Cowtan & Way investigate the claim of a global surface warming ‘pause’ over the past 16 years by examining the trends from 1997 through 2012. While HadCRUT4 only estimates the surface warming trend at 0.046°C per decade during that time, and NASA puts it at 0.080°C per decade, the new kriging and hybrid data sets estimate the trend during this time at 0.11 and 0.12°C per decade, respectively.

These results indicate that the slowed warming of average global surface temperature is not as significant as previously believed. Surface warming has slowed somewhat, in large part due to more overall global warming being transferred to the oceans over the past decade. However, these sorts of temporary surface warming slowdowns (and speed-ups) occur on a regular basis due to short-term natural influences.

The results of this study also have bearing on some recent research. For example, correcting for the recent cool bias indicates that global surface temperatures are not as far from the average of climate model projections as we previously thought, and certainly fall within the range of individual climate model temperature simulations. Recent studies that concluded the global climate is a bit less sensitive to the increased greenhouse effect than previously believed may also have somewhat underestimated the actual climate sensitivity.

This is of course just one study, as Dr. Cowtan is quick to note.

“No difficult scientific problem is ever solved in a single paper. I don’t expect our paper to be the last word on this, but I hope we have advanced the discussion.”

To give a flavor of twitter discussion:

Dana Nuccitelli:  This new study kills the myth of the global warming pause

John Kennedy:  The irony is that the study being used to bash HadCRUT4 assumes that HadCRUT4 is correct where we have data.

The paper is getting plenty of media attention, I’m also getting queries from reporters.

JC assessment

Let’s take a look at the 3 methods they use to fill in missing data, primarily in Africa, Arctic, and Antarctic.

  1. 1.  Kriging
  2. 2.  UAH satellite analyses of surface air temperature
  3. 3.  NCAR NCEP reanalysis

The state that most of the difference in their reconstructed global average comes from the Arctic, so I focus on the Arctic (which is where I have special expertise in any event).

First, Kriging.  Kriging across land/ocean/sea ice boundaries makes no physical sense.  While the paper cites Rigor et al. (2000) that shows ‘some’ correlation in winter between land and sea ice temps at up to 1000 km, I would expect no correlation in other seasons.

Second, UAH satellite analyses.  Not useful at high latitudes in the presence of temperature inversions and not useful over sea ice (which has a very complex spatially varying microwave emission signature).  Hopefully John Christy will chime in on this.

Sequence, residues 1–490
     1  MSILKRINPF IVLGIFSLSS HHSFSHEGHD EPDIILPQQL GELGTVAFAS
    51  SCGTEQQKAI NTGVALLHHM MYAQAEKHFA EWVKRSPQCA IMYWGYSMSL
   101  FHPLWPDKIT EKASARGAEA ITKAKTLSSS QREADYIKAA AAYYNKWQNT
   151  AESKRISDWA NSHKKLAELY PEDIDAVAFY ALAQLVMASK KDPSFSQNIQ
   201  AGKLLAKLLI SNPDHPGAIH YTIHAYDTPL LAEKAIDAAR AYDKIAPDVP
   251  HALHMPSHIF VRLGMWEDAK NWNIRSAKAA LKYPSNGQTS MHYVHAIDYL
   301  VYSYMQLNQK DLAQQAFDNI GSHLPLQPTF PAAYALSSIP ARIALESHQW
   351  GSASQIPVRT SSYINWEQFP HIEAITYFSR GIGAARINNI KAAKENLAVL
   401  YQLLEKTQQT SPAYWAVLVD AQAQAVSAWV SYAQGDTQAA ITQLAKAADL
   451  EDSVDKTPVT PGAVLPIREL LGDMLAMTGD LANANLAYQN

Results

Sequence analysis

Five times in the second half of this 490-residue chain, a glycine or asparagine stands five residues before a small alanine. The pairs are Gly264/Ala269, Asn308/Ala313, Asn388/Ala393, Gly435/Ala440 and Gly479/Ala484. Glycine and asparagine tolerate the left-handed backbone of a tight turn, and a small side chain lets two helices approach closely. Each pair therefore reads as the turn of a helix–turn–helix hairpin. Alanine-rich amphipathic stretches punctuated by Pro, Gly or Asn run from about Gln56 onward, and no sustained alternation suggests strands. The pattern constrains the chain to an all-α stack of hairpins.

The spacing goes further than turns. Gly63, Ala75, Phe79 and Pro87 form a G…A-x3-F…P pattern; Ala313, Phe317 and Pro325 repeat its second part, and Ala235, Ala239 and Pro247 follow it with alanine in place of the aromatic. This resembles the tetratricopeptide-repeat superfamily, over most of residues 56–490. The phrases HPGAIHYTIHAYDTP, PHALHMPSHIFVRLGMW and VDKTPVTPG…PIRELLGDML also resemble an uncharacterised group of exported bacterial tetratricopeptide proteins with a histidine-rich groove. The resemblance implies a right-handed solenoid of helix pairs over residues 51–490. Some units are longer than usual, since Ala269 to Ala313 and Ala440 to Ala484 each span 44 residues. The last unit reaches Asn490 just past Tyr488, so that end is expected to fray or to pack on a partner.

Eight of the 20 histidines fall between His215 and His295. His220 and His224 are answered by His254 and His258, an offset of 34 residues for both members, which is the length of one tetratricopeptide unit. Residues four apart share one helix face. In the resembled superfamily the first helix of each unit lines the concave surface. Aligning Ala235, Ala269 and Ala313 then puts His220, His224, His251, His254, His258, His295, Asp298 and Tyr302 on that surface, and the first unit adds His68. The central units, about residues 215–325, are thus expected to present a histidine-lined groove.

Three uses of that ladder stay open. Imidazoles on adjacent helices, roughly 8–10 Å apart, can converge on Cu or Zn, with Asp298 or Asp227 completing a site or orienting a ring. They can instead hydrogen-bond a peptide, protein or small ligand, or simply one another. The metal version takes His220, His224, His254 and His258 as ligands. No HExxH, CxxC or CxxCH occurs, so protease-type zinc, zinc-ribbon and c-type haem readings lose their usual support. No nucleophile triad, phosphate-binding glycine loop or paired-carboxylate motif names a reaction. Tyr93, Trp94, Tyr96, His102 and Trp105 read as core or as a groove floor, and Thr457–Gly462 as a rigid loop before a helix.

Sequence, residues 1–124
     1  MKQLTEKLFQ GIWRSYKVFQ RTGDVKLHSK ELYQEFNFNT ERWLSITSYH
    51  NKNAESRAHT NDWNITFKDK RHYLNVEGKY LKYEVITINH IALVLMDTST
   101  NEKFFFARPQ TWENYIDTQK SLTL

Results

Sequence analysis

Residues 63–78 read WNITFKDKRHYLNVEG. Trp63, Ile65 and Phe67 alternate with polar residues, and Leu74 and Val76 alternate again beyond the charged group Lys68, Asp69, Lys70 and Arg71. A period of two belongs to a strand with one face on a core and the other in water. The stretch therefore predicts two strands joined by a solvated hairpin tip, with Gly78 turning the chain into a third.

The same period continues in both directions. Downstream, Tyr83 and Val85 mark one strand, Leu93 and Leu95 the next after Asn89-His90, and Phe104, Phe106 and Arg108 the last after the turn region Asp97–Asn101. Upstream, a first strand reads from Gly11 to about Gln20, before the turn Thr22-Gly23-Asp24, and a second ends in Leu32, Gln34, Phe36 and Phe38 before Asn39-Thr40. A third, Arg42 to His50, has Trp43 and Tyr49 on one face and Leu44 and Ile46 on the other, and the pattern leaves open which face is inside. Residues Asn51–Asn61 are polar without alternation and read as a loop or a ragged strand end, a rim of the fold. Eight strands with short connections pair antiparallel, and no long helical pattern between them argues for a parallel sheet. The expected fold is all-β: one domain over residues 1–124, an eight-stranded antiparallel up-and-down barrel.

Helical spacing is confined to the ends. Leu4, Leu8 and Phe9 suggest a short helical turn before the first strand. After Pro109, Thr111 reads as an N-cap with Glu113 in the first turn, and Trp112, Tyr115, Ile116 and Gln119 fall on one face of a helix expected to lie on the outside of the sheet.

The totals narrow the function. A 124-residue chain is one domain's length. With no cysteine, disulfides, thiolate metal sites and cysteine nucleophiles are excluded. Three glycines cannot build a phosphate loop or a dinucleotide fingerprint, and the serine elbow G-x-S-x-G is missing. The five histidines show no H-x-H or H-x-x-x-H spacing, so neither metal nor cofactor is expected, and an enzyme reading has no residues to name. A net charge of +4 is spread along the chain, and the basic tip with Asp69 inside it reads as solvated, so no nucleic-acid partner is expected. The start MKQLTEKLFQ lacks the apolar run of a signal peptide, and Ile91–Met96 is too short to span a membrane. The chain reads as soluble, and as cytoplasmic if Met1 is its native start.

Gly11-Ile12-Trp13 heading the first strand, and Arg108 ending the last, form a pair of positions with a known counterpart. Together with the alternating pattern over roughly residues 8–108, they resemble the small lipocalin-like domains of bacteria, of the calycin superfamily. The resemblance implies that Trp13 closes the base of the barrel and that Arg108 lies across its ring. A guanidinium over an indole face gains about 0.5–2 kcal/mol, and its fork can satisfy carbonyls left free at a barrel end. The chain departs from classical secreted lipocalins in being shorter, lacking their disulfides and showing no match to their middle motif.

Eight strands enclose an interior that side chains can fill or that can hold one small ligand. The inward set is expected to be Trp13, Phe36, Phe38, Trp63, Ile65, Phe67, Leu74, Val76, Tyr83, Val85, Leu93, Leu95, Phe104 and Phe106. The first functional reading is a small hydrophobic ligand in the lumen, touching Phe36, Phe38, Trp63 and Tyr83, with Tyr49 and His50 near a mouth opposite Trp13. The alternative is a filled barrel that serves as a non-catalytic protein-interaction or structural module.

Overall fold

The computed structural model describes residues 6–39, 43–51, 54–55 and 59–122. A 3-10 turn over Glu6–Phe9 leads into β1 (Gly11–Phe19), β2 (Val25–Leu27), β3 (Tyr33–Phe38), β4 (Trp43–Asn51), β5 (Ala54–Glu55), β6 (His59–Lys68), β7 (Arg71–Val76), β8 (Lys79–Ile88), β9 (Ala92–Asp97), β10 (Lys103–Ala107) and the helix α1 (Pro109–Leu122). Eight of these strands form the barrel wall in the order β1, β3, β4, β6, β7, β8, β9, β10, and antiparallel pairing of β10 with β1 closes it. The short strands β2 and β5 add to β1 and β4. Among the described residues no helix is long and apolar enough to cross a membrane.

Third, re reanalyses in the Arctic. See Fig 1 from this paper, which gives you a sense of the magnitude of grid point errors for one point over an annual cycle.  Some potential utility here, but reanalyses are not useful for trends owing to temporal inhomogeneities in the datasets that are assimilated.

So I don’t think Cowtan and Wray’s analysis adds anything to our understanding of the global surface temperature field and the ‘pause.’

The bottom line remains Ed Hawkins’ figure that compares climate model simulations for regions where the surface observations exist.  This is the appropriate way to compare climate models to surface observations, and the outstanding issue is that the climate models and observations disagree.

aahawkins

Is there anything useful from Cowtan and Wray?  Well, they raise the issue that we should try to figure out some way obtain the variations of surface temperature over the Arctic Ocean.  This is an active topic of research.

802 responses to “Uncertainty in SST measurements and data sets

  1. Or perhaps Cowtan and Wray found Trenbeth’s missing heat in Santer’s workshop?.

    • How can we celebrate scientists who claim to have found a way to breakthrough all the noise that in the statistics of AGW is represented by huge error bars — to detect a human signal in the greenhouse warming effect — when humanity’s contribution is immeasurably miniscule at best? Sure, sure, charlatans are persuasive. The reason a human signal due to human activities is impossible to detect within the natural variation of the continually changing climate is because there is no link.

    • Always thought this would be a more prominent point – Co2 lags warming because natural warming creates more life which leads to more Co2, etc.

      http://hockeyschtick.blogspot.com/2013/11/new-paper-finds-ice-core-co2-levels-lag.html

    • David Springer

      Pencil whipping the data results in more warming than we thought.

      What a shocker. Has applying corrections to bad or missing data in consensus climate science ever resulted in less warming that we thought? Innocent mistakes should go both ways. If they don’t they’re probably not so innocent. Pencil whipping of data is a notorious way to massage it into giving a desired result instead of a result that is closer to the truth.

    • Wag…I disagree that humanity’s CO2 contribution is miniscule!!! Consider how many cubic miles of coal have been burned over the last century along with the billions of barrels of petroleum (for locomotion and heating) while forests have been cut down to create crop land. Current estimates of CO2 creation exceed CO2 removal by billions of tons per year.

    • Your examples are like a match compared to the energy of the Sun that global warming alarmists ignore.